Return to KLUBNL.PL main page

[Top] [All Lists]

LF: RE: RA1792

To: [email protected]
Subject: LF: RE: RA1792
From: "james moritz" <[email protected]>
Date: Tue, 31 May 2005 14:05:33 +0100
Delivery-date: Tue, 31 May 2005 14:06:40 +0100
Envelope-to: [email protected]
Importance: Normal
In-reply-to: <[email protected]>
Reply-to: [email protected]
Sender: [email protected]

Dear Alberto,


Here are some further comparisons (bearing in mind I don’t own a R75!):


The RA1792 has flat sensitivity from about 100kHz – 30MHz (about 0.3uV for 12dB SNR in SSB bandwidth), and rolls off about 20dB down to 10kHz, so works quite well for VLF. The R75 only tunes down to 30kHz, but does also cover 30MHz – 60 MHz; I don’t know what the LF sensitivity is like, although I think it is reduced below 1MHz. The R75 has various preamp and attenuator settings, while the RA1792 has fixed front-end gain (although you can link out the RF amplifier). The RA1792 has no preselector, although it seems to cope well on HF.


The RA1792 has, as standard, 300Hz, 1kHz, 3kHz, 6kHz and “bypass” 16kHz bandwidths (for some reason, mine has a 150Hz filter instead of the bypass setting), plus dedicated USB and LSB filters. The bandwidths are specified as -3dB rather than -6dB as is normally the case for amateur rigs, so they would be slightly wider in amateur terms. The BFO can be set to +/- 8kHz in 10Hz steps. So, if the RA1792 audio output is to be processed by DSP, it is quite flexible - for example, you could use a 6kHz BW and have audio output from 2 – 8kHz. The R75 has 2.1kHz, 6kHz and 12kHz as standard – I think CW filters are an extra. You can only set the BFO offset between 300 and 900Hz.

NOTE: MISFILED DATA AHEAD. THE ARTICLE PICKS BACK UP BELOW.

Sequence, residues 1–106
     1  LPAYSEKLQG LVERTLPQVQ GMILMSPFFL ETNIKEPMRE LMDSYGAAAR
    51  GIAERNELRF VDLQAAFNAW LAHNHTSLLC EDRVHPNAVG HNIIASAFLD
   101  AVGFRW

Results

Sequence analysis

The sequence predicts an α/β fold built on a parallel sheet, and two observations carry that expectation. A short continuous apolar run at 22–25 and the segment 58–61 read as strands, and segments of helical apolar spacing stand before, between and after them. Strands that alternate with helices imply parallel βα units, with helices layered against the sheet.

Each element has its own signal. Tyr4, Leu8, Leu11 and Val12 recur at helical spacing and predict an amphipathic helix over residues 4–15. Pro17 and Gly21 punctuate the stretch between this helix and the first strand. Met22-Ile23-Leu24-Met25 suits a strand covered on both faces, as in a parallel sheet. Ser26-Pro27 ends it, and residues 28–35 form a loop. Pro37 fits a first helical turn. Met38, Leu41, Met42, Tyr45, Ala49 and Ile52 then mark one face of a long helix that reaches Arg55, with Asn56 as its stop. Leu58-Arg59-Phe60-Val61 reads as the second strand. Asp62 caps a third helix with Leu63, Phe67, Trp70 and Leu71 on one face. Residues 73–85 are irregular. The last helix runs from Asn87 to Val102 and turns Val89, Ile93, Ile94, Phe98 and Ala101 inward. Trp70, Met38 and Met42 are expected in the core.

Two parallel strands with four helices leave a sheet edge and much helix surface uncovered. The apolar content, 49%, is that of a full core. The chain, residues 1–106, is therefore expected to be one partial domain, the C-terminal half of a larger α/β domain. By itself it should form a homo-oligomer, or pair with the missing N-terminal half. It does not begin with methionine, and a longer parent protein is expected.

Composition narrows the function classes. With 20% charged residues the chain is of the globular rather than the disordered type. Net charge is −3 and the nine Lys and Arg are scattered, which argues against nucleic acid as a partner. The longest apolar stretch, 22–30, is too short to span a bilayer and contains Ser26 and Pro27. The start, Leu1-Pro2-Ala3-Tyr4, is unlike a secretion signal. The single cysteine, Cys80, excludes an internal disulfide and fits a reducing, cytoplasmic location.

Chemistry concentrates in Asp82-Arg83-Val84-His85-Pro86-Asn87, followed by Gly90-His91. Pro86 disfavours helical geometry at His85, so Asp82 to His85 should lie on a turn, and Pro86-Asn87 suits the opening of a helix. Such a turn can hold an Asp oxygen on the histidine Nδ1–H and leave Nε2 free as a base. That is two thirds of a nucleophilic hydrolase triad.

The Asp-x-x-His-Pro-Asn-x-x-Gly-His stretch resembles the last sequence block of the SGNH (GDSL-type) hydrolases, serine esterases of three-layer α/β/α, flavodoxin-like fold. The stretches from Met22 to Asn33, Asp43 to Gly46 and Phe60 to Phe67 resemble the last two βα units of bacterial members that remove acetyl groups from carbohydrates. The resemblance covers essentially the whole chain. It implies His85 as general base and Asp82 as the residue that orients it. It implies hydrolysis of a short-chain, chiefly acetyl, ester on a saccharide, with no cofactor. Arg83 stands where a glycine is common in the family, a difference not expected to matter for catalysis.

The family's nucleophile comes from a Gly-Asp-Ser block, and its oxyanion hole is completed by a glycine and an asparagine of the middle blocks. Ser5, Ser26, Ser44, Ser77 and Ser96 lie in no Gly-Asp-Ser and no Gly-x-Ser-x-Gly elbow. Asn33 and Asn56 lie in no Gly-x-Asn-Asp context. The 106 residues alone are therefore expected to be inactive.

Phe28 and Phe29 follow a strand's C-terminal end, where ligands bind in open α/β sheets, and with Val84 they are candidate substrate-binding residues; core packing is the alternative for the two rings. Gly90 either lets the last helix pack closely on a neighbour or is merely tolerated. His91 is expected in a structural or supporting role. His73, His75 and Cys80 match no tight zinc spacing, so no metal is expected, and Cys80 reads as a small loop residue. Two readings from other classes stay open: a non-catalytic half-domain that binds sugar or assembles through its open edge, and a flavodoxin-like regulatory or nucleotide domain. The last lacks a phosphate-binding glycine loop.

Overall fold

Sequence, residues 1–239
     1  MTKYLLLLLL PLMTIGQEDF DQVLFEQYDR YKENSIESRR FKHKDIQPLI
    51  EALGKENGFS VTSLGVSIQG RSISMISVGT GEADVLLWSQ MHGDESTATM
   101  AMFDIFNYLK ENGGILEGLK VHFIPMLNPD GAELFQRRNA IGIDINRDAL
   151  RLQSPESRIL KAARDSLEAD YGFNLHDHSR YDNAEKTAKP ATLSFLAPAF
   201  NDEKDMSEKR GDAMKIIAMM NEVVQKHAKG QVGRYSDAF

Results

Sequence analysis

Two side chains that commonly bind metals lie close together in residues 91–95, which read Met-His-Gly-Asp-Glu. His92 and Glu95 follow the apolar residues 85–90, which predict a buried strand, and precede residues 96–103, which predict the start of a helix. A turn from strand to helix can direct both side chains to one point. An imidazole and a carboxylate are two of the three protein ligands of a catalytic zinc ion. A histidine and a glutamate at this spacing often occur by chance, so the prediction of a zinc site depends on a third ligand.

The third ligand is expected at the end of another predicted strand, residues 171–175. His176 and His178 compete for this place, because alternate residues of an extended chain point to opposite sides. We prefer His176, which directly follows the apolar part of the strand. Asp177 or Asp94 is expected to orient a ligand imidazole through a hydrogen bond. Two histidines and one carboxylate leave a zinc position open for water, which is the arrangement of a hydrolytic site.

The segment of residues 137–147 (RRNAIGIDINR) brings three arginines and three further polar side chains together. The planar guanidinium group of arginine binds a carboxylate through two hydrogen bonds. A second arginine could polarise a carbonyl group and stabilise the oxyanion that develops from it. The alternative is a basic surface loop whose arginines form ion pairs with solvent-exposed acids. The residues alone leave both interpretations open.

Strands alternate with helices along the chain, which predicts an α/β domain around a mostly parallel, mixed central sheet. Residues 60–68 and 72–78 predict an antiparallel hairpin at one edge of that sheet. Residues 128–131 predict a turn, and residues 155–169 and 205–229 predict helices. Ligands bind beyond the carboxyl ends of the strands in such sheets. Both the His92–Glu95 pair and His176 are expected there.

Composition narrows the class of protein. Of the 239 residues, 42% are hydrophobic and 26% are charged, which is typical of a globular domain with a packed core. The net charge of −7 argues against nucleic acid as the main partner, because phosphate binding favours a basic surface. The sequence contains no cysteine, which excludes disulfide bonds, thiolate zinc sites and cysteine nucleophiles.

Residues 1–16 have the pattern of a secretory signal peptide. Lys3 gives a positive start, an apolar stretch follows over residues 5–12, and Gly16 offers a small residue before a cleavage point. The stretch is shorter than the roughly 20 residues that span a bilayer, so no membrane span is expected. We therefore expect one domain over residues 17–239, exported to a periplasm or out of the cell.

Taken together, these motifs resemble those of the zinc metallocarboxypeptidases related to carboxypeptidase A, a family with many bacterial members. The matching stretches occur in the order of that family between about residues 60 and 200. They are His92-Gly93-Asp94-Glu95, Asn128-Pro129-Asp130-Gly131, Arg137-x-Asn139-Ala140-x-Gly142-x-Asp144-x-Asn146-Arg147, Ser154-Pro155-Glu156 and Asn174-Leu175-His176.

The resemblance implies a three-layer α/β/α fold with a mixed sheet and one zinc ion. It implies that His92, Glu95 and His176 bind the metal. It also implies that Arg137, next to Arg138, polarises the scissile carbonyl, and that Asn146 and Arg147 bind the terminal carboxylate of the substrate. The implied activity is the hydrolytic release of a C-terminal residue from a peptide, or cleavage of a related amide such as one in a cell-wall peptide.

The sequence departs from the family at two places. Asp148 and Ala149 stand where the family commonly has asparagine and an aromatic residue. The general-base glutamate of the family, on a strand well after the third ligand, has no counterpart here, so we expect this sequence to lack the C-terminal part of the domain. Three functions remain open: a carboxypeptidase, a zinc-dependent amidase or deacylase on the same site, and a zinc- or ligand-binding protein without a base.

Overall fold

The skirt selectivity of the R75 should be good, since it has cascaded 9MHz and 455kHz filters. Signals a few kHz off tune are only suppressed by about 60-70dB on my RA1792.


The R75 has an RS232 port and there is remote control software available. The RA1792 has a non-standard interface that can be wired for RS232 or RS422 – apparently, there is some software available for download, though I have not tried using it.


The RA1792 has 455kHz IF output, reference frequency input/output, audio line out, muting, agc and various other things on the back panel, so it is easier to get at the internal signal paths if you plan to do hardware experimentation.


The R75 is quite compact and runs off 12V DC. The RA1792 is in a 19” rack case and requires AC mains, so much less portable!


The 0.5ppm TCXO is an extra on the R75, the RA1792 has a 0.1ppm OCXO as standard.


The only real complaints I have about the RA1792 are the ergonomics of the controls and display – Even after using it for years, I still find I often press the wrong button and suddenly find it on a completely different frequency and operating mode!


Cheers, Jim Moritz

73 de M0BMU



<Prev in Thread] Current Thread [Next in Thread>